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Leg cramps

What are they? What are the symptoms? What are the treatments?

What are leg cramps?

Leg cramps usually occur in the third trimester and can strike at any time and are very painful and debilitating while they last. Often they're worse at night.

Leg cramps are common in pregnancy, although the reason why they're more prevalent in mums-to-be isn't totally understood. There are theories that it's to do with a lack of calcium, magnesium and and/or vitamin C – and it can't hurt to make sure your diet is rich in these in any case.
 
Some experts think sluggish circulation, brought on by pregnancy hormones, also plays a part; others believe that your increasing weight in pregnancy, which also has an impact on circulation, could be responsible.
 
Leg cramps usually occur in the third trimester and can strike at any time and are very painful and debilitating while they last. Often they're worse at night.

What are the symptoms of Leg cramps?

Seizure of a muscle, which is acutely painful and can last for several minutes at a time. The legs may ache for up to 20 minutes after the muscle has relaxed.

What are the treatments and remedies of Leg cramps?

The usual treatment is to try to stretch the affected muscle by holding the tips of your toes, flexing your foot to make a 90° angle to your shin and holding this position. However, this may be impossible as your pregnancy progresses and your toes become a distant memory! Ask your partner to perform the technique for you if it happens while you're in bed. If you're standing, though, you can bend your other leg, stretch the affected leg out in front of you and flex your foot upwards until you feel the stretch in your calf muscle.
 
Alternatively, lunge forward on the unaffected leg, with the cramped leg stretch out behind but with a flat foot.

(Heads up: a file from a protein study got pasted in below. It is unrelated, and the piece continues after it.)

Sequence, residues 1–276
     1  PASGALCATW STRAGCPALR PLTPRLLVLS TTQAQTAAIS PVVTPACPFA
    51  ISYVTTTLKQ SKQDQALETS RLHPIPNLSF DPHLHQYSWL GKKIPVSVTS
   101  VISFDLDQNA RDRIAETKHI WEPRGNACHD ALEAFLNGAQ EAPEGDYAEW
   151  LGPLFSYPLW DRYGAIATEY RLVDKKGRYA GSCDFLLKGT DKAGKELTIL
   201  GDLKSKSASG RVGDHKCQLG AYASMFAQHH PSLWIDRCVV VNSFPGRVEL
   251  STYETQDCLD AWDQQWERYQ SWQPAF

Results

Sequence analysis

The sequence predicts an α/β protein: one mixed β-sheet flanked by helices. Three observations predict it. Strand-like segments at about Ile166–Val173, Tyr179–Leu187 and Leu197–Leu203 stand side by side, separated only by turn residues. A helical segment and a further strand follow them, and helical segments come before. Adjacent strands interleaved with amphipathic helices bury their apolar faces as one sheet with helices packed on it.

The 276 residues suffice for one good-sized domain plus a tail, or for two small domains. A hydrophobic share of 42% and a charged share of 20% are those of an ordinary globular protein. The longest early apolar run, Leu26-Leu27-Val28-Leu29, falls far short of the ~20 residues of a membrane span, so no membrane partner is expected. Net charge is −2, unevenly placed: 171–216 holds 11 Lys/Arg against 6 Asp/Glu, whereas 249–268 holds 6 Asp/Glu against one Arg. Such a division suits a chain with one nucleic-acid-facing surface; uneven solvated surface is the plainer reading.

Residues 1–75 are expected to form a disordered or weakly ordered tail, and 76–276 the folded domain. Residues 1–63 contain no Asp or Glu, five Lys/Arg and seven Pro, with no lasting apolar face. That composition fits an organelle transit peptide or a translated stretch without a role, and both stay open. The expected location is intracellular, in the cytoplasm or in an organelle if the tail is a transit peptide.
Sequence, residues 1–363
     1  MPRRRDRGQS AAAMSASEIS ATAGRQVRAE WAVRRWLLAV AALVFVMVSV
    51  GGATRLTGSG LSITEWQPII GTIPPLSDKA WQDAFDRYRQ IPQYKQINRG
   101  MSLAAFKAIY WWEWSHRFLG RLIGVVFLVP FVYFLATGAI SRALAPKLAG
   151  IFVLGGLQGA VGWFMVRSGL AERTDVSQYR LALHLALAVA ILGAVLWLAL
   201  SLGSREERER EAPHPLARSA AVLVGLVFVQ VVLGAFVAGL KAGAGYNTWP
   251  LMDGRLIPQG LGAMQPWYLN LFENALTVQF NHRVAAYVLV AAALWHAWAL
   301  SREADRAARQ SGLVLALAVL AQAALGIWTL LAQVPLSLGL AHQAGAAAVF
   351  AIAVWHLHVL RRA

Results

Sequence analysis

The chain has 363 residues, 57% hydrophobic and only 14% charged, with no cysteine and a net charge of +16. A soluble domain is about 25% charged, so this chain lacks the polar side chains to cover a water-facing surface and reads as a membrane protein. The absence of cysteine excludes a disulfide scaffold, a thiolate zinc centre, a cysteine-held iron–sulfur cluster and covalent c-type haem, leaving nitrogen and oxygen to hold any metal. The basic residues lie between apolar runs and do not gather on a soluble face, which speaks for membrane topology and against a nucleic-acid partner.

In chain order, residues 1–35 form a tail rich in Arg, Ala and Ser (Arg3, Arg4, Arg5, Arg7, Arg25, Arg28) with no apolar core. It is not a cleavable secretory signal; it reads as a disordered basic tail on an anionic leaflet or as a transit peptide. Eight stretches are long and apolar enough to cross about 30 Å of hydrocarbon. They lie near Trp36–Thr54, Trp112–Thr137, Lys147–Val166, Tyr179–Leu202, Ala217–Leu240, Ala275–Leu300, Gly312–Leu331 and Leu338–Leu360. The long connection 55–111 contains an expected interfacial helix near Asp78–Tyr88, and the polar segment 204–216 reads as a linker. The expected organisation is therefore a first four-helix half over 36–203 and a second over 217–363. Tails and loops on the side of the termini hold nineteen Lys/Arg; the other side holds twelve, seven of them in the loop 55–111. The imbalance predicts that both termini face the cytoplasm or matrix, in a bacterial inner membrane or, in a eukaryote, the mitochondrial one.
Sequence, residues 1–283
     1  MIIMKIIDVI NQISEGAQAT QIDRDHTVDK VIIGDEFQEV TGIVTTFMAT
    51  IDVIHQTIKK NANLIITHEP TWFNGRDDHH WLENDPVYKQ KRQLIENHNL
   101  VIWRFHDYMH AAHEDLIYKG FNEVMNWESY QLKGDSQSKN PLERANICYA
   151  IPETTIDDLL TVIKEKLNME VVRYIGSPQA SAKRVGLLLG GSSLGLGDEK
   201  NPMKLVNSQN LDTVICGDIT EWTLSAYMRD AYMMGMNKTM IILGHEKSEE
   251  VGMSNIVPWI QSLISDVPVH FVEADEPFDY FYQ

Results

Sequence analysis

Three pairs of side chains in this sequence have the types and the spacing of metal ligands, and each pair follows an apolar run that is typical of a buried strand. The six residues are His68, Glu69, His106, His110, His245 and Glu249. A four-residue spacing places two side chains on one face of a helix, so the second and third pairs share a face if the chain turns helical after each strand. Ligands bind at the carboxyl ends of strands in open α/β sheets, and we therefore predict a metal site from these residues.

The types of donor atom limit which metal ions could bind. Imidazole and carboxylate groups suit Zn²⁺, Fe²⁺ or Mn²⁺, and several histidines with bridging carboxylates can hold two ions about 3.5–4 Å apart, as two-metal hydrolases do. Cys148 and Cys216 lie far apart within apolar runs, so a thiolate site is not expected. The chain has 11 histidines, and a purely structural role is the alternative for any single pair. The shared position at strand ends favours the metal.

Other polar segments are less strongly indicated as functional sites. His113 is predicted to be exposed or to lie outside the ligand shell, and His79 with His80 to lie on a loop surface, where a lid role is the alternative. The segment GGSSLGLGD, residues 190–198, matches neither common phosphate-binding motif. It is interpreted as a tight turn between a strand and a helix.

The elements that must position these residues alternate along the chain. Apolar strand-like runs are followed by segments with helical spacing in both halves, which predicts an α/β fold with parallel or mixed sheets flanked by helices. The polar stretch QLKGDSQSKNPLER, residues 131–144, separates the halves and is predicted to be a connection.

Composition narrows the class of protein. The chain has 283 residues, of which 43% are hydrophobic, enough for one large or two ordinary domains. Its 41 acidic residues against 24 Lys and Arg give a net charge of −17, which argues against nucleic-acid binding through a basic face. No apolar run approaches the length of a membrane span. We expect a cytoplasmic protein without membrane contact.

Some expectant mums find massaging the muscle brings relief; others find it much too painful to touch.
 
Try to keep your circulation up by moving your legs and feet when sitting or standing: circle your ankles and flex and release your foot muscles whenever you think of it.
 
If you have persistent pain in a calf muscle, accompanied by hot or red skin in the same area, seek medical advice immediately, as these can be signs of thrombosis.

This guide 

The information in this Bounty A-Z of Family Health is not a substitute for an examination, diagnosis or treatment by a doctor, midwife, health visitor or any other qualified health professional. If in doubt, always speak to a doctor.

Bounty will not be held responsible or liable for any injury, loss, damage, or illness, however this occurs or appears, after using the information given on this website and in particular the A-Z of Family Health.

Further help

For health advice and information 24 hours a day, 365 days a year, the NHS offers call and web services. You can also visit NHS websites for services, health information and health news at nhs.uk 

  • England – call 111 from any landline or mobile phone free of charge, or visit nhs.uk 
  • Scotland – call 111 from any landline or mobile phone free of charge, or visit nhs24.com 
  • Wales – call 0845 4647 , or visit nhsdirect.wales.nhs.uk 
  • Northern Ireland – visit hscni.net

 

Leg cramps